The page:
Every situation is unique. You may have a close relationship with your sister. But because she lives across the country, naming her as a guardian would disrupt your children’s lives with an extreme relocation. You might instead choose a close friend who lives nearby
Grandparents are a possibility if they’re in good health. If you have an older child who has already reached adulthood, consider whether he or she is mature enough to be the guardian for your younger children.
Talk to your potential guardian. Raising a child is a huge responsibility and not one you want to spring on anyone without warning. Such a conversation will allow the potential guardian to raise any concerns, and it will allow you to discuss your wishes in more detail.
Once you have settled on someone, name a guardian for your minor children in your will. Rules vary by state, so be sure to follow requirements closely to ensure your will is legal and valid. It’s usually wise to hire an attorney.
All co-parents (you, your spouse or an ex-partner with custody) should name the same guardian in their respective wills to avoid complications. Name a backup guardian. Talk with a backup choice before naming him or her in your will.
Besides a will, you might consider writing a detailed letter of instruction to the guardian. It can list items such as your children’s medical history and any special dietary needs. You might name particular items that hold emotional significance for your children, such as photographs, blankets, toys or other mementos. You can update this letter each year.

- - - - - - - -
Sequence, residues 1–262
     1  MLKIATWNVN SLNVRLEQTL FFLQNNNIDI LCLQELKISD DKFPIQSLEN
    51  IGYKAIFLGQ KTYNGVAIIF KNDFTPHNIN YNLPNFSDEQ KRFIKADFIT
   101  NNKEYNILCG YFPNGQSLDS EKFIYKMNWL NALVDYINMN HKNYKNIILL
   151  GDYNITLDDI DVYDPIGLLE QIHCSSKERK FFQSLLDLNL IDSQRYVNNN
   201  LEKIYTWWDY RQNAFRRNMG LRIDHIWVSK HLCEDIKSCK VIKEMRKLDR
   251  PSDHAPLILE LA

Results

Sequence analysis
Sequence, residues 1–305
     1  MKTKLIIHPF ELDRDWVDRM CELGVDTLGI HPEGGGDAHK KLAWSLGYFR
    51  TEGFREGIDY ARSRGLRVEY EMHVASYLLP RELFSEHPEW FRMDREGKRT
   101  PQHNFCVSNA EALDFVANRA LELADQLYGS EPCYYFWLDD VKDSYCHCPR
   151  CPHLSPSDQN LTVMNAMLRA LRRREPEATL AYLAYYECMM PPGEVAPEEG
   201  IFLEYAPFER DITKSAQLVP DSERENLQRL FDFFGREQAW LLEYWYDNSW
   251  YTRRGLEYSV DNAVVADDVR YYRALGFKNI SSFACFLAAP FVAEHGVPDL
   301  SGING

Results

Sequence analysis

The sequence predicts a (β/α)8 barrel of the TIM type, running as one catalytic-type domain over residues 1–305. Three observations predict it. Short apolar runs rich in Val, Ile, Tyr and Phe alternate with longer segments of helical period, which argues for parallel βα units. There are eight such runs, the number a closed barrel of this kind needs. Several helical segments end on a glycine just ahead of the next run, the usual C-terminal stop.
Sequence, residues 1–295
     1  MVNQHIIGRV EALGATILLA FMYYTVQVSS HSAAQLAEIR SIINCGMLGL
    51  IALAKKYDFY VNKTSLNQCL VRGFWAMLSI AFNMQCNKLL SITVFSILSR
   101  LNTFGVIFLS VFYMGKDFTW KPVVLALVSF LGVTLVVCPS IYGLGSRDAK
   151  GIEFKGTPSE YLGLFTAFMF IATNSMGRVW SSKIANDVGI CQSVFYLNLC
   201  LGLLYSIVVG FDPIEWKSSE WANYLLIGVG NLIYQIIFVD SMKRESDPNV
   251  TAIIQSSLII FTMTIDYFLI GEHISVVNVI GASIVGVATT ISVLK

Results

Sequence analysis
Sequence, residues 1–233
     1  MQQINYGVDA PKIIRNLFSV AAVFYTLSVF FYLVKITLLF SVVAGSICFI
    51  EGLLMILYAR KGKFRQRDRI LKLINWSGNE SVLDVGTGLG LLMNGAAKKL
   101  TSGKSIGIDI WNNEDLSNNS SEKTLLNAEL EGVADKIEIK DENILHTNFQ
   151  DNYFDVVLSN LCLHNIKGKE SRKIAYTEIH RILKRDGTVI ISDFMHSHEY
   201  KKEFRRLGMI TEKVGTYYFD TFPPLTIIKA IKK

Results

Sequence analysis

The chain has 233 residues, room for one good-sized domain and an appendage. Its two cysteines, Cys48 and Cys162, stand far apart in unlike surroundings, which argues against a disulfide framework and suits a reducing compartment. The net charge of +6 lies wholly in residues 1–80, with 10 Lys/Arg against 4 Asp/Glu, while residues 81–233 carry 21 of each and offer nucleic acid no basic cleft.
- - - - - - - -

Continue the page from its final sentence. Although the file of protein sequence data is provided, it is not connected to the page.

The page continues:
The guardian will be grieving your loss as well, and may or may not already be particularly close to your children. Your letter might include advice for helping your children cope with their grief.
Protecting Your Kids’ Financial Future
If you can find a guardian who’s financially astute, that’s great, but financial expertise need not be a sticking point. You can name someone else to watch over the money.
While you can leave assets to your children directly, if they are under 18, an adult must oversee the inheritance — either someone you appoint or someone that the probate court appoints as a guardian of property. You can also leave property to the children’s guardian with the understanding it is to be used for their care, but this offers little control.
Other options offer better control. For instance, you can create a trust for the benefit of your children. If you set up the trust prior to your death, the assets can avoid probate court, which can save time and expense. In contrast, when you create a trust through your will (a testamentary trust), probate won’t be avoided.
Either type of trust allows you to appoint a trustee who is not necessarily your children’s guardian. This lets you appoint someone with greater financial savvy than the person you chose to raise your children.